Mysterious children's neurological disease is traced to a single error in one gene

August 3, 2017
A photo of Prof. Orly Elpeleg, head of the Department of Genetics at the Hadassah Medical Center and a professor at the Hebrew University's Faculty of Medicine. Credit: Hebrew University

In a new study published today in The American Journal of Human Genetics, a multinational team of researchers describes, for the first time, the biological basis of a severe neurological disorder in children.

The extremely rare disorder is characterized by developmental regression and neurodegeneration. At first the children lead normal lives and seem identical to their age-matched peers. However, beginning at around 3 to 6 years of age, they present with neurological deterioration, gradually losing motor, cognitive and speech functions. Although the condition progresses slowly, most patients are completely dependent on their caretakers by 15-20 years of age.

Researchers from the Hadassah Medical Center and the Hebrew University of Jerusalem's Faculty of Medicine, working with colleagues from the Pennsylvania State University College of Medicine and a multinational research team, have now identified and studied 7 children—from Canada, France, Israel, Russia and the United States—who suffer from the disorder.

The researchers found in all patients the same spontaneously occurring, non-inherited genetic change in a gene (named "UBTF") responsible for ribosomal RNA formation. Because of this small change, the patients' cells are flooded with ribosomal RNA and are poisoned by it. (Ribosomes are responsible for the translation and production of cell proteins; themselves, they are made up of ribosomal proteins and of ribosomal RNA in a precise ratio).

The researchers found an identical error in the same gene in all the patients tested, representing a difference of one letter among the roughly 3 billion letters that make up human DNA. By finding the identical change in children who suffer from the identical clinical , the researchers determined that the altered gene is indeed the cause of the disease.

Prof. Orly Elpeleg, head of the Department of Genetics at Hadassah Medical Center in Jerusalem and a professor of Pediatrics at the Hebrew University's Faculty of Medicine, led the multinational research. Prof. Elpeleg credits the discovery to deep sequencing technology that Hadassah and the Hebrew University were among the first to introduce into clinical practice in the world, and the first in Israel.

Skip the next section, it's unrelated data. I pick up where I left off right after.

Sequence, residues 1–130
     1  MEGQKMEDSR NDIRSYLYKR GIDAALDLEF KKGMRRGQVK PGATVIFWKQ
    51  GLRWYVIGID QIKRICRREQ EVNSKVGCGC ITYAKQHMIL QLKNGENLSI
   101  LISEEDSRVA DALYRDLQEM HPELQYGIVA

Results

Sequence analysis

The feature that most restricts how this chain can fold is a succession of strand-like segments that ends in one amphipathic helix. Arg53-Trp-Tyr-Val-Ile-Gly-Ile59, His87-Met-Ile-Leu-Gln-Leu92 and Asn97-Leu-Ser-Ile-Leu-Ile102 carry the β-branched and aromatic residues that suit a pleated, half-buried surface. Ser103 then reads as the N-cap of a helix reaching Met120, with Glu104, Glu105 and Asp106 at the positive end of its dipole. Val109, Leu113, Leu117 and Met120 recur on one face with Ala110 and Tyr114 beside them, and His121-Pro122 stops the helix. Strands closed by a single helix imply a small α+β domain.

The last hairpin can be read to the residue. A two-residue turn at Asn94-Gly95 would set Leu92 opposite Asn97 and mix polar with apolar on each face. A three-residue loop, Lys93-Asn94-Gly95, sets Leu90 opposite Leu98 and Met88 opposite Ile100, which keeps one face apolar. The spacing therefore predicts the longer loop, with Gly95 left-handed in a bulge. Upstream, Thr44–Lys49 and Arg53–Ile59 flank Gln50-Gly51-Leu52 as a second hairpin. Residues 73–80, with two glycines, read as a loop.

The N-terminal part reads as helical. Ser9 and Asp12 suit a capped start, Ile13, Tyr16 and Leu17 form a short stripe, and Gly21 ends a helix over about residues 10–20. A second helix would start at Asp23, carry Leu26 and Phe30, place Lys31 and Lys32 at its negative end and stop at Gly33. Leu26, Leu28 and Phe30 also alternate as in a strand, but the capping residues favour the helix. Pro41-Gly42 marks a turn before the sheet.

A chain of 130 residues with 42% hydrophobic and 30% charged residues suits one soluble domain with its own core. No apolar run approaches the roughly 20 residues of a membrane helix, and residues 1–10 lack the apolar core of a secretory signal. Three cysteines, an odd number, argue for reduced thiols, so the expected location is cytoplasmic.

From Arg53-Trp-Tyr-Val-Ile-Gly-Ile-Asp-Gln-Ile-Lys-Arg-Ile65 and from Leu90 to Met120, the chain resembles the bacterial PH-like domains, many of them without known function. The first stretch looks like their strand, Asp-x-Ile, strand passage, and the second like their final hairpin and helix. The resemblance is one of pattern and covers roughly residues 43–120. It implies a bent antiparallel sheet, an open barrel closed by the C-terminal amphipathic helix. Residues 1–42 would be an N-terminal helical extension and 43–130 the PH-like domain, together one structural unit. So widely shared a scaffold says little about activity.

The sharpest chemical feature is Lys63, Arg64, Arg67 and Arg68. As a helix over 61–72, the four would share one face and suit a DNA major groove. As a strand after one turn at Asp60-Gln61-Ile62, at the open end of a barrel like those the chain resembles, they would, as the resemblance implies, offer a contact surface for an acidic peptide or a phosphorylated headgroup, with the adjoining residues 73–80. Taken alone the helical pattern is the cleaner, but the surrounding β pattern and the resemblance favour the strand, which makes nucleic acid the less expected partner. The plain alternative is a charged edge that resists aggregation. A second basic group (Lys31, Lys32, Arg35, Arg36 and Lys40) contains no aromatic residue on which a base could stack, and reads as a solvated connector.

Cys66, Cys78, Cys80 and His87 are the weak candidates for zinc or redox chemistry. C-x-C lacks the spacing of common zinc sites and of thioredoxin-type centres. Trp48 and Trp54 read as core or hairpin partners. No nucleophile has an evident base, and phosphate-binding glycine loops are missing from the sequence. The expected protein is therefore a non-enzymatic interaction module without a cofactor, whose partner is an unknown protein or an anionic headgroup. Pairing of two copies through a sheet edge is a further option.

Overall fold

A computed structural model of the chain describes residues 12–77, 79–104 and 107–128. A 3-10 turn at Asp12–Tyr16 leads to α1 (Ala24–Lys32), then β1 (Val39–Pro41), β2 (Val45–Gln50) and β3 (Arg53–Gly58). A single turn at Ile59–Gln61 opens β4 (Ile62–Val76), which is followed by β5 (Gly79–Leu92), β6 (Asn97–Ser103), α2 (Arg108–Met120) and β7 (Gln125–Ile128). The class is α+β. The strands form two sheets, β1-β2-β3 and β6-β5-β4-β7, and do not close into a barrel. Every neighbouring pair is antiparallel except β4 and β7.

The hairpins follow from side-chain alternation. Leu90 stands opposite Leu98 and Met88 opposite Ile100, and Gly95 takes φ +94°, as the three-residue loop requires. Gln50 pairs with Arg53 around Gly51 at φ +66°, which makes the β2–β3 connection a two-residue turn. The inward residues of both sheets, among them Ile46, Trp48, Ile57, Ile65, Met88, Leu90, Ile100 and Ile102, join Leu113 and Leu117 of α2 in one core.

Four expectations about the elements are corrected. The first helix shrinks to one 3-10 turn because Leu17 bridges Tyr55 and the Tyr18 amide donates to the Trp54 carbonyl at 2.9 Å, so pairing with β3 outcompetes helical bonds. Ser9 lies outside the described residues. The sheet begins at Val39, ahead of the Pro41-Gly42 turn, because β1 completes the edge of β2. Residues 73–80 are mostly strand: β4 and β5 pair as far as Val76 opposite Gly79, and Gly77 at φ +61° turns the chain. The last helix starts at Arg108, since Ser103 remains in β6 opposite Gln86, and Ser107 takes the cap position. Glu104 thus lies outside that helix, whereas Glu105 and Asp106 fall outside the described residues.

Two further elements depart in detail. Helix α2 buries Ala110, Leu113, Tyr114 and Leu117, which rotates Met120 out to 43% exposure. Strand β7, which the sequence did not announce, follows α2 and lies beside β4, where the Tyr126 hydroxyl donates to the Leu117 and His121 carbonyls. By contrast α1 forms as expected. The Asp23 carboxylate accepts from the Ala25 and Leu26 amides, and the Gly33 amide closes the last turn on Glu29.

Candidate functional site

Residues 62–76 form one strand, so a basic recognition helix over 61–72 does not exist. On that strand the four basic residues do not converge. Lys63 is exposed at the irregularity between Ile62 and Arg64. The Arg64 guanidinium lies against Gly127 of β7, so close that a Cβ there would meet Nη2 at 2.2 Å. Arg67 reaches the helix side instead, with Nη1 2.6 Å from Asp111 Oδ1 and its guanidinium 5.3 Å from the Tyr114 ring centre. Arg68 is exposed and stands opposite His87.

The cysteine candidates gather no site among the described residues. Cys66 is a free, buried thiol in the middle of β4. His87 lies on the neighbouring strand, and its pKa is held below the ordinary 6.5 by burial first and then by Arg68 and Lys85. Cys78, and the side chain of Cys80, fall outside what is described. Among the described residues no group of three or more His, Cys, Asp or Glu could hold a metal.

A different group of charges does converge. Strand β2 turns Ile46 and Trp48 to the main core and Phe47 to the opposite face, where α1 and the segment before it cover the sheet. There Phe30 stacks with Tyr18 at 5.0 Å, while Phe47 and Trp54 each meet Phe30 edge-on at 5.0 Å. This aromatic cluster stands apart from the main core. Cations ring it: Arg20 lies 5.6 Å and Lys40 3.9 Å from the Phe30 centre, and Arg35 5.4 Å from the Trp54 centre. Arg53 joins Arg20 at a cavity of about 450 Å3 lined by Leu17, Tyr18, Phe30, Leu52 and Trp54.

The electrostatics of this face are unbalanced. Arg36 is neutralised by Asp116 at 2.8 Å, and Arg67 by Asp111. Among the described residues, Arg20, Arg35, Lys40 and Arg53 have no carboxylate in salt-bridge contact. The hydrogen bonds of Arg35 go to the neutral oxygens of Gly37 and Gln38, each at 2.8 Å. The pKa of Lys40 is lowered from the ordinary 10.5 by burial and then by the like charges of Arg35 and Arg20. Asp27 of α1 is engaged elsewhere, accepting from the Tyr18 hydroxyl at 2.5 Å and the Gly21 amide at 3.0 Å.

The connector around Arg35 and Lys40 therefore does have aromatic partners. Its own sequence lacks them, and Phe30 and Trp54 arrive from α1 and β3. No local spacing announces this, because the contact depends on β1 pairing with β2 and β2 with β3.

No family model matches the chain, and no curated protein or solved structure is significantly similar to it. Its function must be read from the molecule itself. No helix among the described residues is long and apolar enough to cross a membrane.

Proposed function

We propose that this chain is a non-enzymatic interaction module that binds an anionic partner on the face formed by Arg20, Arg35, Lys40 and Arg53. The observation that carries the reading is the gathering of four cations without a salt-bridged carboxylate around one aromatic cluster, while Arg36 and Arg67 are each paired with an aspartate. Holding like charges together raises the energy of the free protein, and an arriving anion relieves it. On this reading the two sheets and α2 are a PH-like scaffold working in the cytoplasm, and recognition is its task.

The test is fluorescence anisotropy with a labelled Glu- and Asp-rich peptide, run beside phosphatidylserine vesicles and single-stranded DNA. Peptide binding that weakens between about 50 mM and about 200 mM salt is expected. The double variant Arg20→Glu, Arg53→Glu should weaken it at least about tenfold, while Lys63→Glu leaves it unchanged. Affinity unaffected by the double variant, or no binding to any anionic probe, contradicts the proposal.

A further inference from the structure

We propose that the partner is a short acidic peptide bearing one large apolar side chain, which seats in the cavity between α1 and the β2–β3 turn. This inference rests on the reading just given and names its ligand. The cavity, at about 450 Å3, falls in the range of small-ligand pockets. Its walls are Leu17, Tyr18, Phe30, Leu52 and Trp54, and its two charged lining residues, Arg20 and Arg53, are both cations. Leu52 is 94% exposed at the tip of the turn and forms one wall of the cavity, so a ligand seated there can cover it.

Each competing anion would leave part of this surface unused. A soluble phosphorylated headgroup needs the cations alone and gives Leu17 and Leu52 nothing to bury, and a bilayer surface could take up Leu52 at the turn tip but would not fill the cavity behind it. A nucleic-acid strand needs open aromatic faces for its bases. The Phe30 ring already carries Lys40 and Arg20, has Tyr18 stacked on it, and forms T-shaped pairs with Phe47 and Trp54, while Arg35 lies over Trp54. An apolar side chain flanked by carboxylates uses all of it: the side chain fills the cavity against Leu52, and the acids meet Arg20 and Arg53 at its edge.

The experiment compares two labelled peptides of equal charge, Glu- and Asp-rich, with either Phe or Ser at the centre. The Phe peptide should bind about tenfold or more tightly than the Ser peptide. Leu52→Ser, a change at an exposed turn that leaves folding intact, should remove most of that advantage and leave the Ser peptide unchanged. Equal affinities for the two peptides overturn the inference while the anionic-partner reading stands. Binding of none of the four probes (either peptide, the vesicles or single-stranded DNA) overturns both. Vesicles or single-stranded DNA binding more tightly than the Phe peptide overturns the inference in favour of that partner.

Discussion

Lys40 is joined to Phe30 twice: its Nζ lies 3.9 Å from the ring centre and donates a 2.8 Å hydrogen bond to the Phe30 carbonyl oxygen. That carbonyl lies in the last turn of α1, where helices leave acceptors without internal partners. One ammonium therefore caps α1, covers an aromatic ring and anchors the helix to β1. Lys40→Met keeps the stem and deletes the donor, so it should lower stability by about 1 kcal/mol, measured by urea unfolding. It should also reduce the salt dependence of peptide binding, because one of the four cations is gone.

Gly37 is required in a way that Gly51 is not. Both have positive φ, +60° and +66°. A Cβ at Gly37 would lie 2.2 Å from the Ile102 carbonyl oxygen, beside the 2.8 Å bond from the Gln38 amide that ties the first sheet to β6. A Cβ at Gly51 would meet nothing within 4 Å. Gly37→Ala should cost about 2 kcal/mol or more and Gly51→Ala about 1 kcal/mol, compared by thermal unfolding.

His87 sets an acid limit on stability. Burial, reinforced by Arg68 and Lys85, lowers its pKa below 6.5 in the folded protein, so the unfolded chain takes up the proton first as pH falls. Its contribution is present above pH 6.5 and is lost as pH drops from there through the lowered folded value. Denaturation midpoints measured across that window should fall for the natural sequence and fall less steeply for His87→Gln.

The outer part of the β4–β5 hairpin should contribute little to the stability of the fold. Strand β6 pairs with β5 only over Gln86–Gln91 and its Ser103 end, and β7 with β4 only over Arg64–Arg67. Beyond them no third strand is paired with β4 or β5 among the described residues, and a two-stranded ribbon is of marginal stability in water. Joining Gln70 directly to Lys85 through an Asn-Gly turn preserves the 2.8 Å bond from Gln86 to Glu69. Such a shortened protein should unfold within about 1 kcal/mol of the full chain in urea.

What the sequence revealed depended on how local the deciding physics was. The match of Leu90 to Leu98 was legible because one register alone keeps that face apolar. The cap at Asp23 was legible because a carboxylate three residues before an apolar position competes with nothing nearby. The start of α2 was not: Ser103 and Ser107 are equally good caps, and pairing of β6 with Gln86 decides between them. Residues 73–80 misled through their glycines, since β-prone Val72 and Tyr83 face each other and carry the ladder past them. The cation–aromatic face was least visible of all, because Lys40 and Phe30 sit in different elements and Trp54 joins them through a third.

Prof. Elpeleg initially encountered the disease in a young girl who came to Hadassah: "Several years ago, I saw a patient who was healthy until the age of 3, and then experienced a disturbance in her walking and motor function, speech and cognition. Around that time, we had introduced the deep-sequencing technology for clinical use at Hadassah, which enabled us to read all the coding genetic material of a person within a couple of days, in order to identify genetic defects." Since 2010, Hadassah has assembled the largest genetic mapping database in Israel, of about 2400 patients.

"Searching for similar genetic defects in this database, we found a 9-year-old boy who had been treated at Hadassah and now lives in Russia. The boy had been healthy until the age of 5, and then displayed just like the girl I had diagnosed. Dr. Simon Edvardson, a pediatric neurologist at Hadassah, flew to Russia, examined the boy, took genetic samples from him and from his parents and confirmed that his illness was identical to that of the Israeli girl. We then knew we had identified a new disease that was not recognized in the medical literature," said Prof. Elpeleg.

Comparing their data in a program called Gene Matcher, the researchers found several more children around the world who shared an identical genetic defect and the same course of disease.

In order to understand the mechanism of the newly identified disease, the researchers collaborated with Dr. George-Lucian Moldovan at the Pennsylvania State University College of Medicine, in the United States. Dr. Moldovan confirmed the disease mechanism: in the children's cells, there is an excess RNA of the ribosome, which probably causes brain cells to be flooded and poisoned.

"Our study links neuronal degeneration in childhood with altered rDNA chromatin status and rRNA metabolism. It is the first time that an excess of ribosomal RNA has been linked to a genetic disease in humans," said Prof. Elpeleg.